Albany's Palace Theatre is a living relic from the golden age of movie palaces. The theater was built between 1930 and 1931 and was the largest theater in the city at the time of its construction. It was designed by John Eberson, at the time considered one of the world's foremost theater designers. The Palace is listed on the National Register of Historic Places.
Backstory and Context
Despite the lean economic times in which it was built, the theater's builders spared no expense in its construction. It was designed in an Austrian Baroque style, and among its many lavish details are an ornate brass chandelier in the lobby, original murals painted by Andrew Karoly and Louis Szante, and numerous atmospheric elements, for which Eberson was known. Though there have been renovations over the years, the theater retains much of its original appearance.
Before renovations, the theater had a seating capacity of 3,764, and featured a Wurlitzer 4 manual, 20 ranks organ. The theater was Albany's premier first-run movie house for a number of years, but the advent of television in the postwar years contributed to its gradual decline. The Palace fared better than many downtown theaters at mid-century, but continued to lose money through the 1950s and 1960s. The Palace Theatre closed its doors in 1969.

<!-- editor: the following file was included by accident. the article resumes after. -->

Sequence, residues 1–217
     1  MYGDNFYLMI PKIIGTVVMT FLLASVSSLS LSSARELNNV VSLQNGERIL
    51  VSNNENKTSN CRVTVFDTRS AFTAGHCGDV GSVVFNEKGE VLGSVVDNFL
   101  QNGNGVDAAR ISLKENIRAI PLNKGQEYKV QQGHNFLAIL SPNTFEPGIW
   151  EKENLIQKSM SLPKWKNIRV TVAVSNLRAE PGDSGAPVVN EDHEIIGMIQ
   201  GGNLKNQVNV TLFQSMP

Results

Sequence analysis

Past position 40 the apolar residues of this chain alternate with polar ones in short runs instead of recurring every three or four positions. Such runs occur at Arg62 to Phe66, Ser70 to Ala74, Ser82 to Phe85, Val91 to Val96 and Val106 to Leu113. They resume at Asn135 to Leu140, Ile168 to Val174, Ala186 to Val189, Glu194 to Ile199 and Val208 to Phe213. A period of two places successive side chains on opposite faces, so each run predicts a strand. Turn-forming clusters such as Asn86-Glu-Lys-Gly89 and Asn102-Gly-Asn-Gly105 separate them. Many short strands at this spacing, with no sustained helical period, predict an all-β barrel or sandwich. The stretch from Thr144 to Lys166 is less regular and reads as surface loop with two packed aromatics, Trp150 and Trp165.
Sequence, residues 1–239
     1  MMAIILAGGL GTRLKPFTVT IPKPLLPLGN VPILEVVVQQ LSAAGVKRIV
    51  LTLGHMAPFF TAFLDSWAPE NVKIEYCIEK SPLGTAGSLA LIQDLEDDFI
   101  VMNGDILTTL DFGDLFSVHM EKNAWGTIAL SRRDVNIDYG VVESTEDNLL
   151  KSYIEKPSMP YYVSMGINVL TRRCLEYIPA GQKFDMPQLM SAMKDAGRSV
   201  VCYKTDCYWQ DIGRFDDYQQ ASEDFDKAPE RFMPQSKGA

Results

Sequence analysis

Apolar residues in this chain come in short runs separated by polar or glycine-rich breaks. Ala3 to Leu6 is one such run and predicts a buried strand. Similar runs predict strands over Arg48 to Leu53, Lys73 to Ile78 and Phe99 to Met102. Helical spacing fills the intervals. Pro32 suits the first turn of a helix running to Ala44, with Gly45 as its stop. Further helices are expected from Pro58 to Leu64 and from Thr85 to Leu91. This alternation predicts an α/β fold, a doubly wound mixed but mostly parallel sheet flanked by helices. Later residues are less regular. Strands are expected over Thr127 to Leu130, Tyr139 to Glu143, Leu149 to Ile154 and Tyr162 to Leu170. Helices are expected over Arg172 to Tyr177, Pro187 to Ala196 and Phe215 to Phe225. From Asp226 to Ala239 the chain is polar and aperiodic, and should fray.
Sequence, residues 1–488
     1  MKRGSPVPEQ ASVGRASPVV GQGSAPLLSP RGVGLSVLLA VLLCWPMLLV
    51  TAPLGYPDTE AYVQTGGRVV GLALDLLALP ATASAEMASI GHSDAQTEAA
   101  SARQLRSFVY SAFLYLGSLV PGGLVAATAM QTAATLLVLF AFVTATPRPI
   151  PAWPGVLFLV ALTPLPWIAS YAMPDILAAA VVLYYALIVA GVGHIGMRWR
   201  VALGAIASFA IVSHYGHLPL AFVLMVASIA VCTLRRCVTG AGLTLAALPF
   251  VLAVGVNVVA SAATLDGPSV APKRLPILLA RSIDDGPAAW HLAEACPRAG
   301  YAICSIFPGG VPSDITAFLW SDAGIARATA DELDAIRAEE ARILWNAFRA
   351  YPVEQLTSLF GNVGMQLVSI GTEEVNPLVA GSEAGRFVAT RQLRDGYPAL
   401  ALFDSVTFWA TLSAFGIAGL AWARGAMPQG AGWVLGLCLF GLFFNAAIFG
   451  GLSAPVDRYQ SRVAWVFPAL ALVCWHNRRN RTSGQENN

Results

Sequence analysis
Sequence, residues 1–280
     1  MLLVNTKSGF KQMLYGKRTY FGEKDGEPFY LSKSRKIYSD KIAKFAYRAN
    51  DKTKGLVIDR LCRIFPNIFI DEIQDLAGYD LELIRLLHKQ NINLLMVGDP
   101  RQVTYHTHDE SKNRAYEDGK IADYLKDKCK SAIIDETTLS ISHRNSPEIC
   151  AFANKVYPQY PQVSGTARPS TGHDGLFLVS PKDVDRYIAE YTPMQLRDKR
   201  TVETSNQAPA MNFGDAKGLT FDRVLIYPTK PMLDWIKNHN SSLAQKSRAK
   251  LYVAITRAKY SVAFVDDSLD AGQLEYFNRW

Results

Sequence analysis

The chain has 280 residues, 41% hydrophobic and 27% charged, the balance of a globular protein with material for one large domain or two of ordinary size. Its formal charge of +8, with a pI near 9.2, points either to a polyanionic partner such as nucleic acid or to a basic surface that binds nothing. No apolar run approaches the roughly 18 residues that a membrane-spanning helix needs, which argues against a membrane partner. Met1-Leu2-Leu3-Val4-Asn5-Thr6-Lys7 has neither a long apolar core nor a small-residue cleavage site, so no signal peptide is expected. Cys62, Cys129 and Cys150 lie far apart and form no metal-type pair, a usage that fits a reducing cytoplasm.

Shortly after its closure, the theater was purchased by the City of Albany for use as a city auditorium. Within a few years, the theater was added to the National Register of Historic Places. The theater underwent an extensive renovation in 2002, and a replica of the original 1931 marquee was installed as part of its refurbishment.
In the years since its renovation, the Palace Theatre has hosted numerous major entertainers, including the Rolling Stones, Bob Dylan, and Bruce Springsteen. The theater continues to be a vital part of Albany's entertainment and cultural life, and there are curently plans for another major expansion.